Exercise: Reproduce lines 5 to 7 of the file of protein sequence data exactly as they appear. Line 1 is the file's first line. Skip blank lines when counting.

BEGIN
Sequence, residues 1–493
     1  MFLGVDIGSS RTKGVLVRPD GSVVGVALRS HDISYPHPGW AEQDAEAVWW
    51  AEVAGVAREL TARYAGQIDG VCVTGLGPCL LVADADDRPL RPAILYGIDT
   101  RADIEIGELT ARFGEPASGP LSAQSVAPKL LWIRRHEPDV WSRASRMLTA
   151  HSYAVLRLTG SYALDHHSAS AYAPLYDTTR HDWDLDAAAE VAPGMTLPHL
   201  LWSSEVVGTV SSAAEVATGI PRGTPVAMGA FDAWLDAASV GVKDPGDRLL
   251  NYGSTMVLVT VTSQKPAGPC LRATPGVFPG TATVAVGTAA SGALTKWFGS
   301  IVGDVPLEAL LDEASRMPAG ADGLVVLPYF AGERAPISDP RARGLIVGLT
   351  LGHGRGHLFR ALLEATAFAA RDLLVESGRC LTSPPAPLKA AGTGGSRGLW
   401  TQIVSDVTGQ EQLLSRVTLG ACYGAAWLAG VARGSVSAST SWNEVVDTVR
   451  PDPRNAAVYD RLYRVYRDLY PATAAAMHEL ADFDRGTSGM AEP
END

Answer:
   151  HSYAVLRLTG SYALDHHSAS AYAPLYDTTR HDWDLDAAAE VAPGMTLPHL
   201  LWSSEVVGTV SSAAEVATGI PRGTPVAMGA FDAWLDAASV GVKDPGDRLL
   251  NYGSTMVLVT VTSQKPAGPC LRATPGVFPG TATVAVGTAA SGALTKWFGS